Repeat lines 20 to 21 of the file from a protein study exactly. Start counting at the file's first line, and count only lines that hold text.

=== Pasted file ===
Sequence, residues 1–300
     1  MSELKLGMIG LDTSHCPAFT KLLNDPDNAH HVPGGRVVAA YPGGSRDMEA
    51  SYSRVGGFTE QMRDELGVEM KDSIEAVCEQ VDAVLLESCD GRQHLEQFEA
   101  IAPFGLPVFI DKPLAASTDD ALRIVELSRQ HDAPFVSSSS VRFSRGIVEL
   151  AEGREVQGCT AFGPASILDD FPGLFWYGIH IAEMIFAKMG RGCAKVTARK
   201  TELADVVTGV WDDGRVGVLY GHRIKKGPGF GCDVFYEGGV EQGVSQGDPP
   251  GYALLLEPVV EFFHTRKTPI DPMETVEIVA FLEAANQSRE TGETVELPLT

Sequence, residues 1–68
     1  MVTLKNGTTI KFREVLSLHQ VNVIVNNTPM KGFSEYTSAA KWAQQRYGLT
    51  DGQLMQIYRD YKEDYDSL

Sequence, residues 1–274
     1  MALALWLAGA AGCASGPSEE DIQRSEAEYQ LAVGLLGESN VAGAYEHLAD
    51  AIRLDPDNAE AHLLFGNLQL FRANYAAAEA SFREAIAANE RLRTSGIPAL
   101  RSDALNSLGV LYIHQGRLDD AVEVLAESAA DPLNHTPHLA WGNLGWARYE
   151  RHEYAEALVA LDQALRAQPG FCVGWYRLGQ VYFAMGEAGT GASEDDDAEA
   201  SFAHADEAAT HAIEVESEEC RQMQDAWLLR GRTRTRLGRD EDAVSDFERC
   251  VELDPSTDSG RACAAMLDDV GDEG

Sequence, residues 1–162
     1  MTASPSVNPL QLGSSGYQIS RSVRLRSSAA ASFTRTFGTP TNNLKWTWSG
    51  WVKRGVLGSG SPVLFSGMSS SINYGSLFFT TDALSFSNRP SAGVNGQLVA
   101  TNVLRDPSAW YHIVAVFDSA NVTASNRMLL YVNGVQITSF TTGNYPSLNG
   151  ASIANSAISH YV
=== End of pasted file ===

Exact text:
    51  WVKRGVLGSG SPVLFSGMSS SINYGSLFFT TDALSFSNRP SAGVNGQLVA
   101  TNVLRDPSAW YHIVAVFDSA NVTASNRMLL YVNGVQITSF TTGNYPSLNG